Two new wind turbines near to an Aberdeenshire castle were given the go-ahead yesterday despite concerns the area had reached “saturation point” with the eco-technology.
Approval was given yesterday at the Formartine area committee for the two 242ft structures on land approximately a mile north of Fyvie Castle.
Having already twice deferred the decision, councillors voted to allow the constructions, although local member Anne Stirling voiced her concern about the amount of turbines already erected in the area.
She said: “We are now fairly surrounded by turbines and I think a saturation point has been reached.”
Inverurie firm Green Cat Renewables submitted the plans to build the two turbines and William Wyness from the company last night said he was “delighted” that the long-awaited decision had now been made.
The authority’s planning service had suggested to members of the region’s area committee that, despite concerns, there was nothing to prevent the massive structures from being installed on the land.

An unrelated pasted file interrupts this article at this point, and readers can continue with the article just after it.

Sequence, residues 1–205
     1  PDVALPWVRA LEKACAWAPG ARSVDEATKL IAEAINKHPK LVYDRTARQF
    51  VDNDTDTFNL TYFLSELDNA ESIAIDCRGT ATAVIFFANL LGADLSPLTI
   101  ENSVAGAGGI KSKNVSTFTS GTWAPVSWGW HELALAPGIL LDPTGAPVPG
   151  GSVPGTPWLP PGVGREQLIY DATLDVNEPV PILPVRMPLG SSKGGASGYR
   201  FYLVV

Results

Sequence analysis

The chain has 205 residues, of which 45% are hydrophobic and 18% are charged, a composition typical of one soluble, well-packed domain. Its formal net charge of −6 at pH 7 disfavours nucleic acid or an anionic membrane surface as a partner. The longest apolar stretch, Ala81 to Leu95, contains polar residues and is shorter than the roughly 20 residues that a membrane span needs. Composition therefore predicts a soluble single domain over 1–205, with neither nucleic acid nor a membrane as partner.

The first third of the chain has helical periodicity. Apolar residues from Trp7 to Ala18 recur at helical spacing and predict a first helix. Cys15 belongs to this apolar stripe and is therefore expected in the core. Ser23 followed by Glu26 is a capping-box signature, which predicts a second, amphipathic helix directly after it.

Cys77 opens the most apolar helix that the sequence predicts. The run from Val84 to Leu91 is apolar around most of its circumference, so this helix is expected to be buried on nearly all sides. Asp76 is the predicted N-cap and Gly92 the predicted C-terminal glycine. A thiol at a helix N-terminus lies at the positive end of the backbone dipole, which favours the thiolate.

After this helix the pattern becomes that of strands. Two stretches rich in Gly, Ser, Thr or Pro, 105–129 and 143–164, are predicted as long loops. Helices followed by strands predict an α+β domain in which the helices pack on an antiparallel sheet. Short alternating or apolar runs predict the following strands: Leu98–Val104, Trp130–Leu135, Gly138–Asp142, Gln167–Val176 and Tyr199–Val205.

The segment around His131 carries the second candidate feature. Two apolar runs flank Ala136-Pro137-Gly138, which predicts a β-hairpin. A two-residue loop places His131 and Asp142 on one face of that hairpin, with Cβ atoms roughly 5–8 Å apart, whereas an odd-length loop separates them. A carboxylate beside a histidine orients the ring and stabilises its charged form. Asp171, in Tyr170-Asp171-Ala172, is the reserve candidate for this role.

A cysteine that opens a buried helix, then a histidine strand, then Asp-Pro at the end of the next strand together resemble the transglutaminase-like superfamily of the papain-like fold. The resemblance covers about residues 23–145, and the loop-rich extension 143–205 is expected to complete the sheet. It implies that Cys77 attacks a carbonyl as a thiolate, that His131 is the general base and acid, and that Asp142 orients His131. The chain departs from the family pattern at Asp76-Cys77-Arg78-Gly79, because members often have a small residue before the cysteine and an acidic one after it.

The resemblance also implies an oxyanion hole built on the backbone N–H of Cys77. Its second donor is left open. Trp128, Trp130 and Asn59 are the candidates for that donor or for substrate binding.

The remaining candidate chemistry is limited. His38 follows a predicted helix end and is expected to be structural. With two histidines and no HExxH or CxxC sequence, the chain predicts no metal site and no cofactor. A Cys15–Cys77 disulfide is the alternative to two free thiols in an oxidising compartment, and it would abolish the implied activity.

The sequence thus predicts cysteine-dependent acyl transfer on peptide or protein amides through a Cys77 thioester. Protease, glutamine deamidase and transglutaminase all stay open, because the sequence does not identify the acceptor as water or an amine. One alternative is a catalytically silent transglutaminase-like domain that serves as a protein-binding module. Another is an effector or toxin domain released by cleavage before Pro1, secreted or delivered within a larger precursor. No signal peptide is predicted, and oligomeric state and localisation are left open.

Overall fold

Groups including Aberdeen International Airport, Atkins Global and British Telecom were consulted on the projected and had not raised any objections.
Fyvie community council did not want the scheme to go ahead because of the its “closeness” to Fyvie Castle, Fyvie Station and the “proliferation of wind turbines in this area”.
However, director of infrastructure services Stephen Archer, recommended local councillors push the turbines through.
In his report on the plans, he said it was “established” that the countryside was no longer free from wind energy developments.
“Within Aberdeenshire there are a large number of wind turbine applications which are either installed, approved or currently being considered,” he added.
“Turbines being visible from a settlement or a building of cultural importance are not reason in itself for refusal.”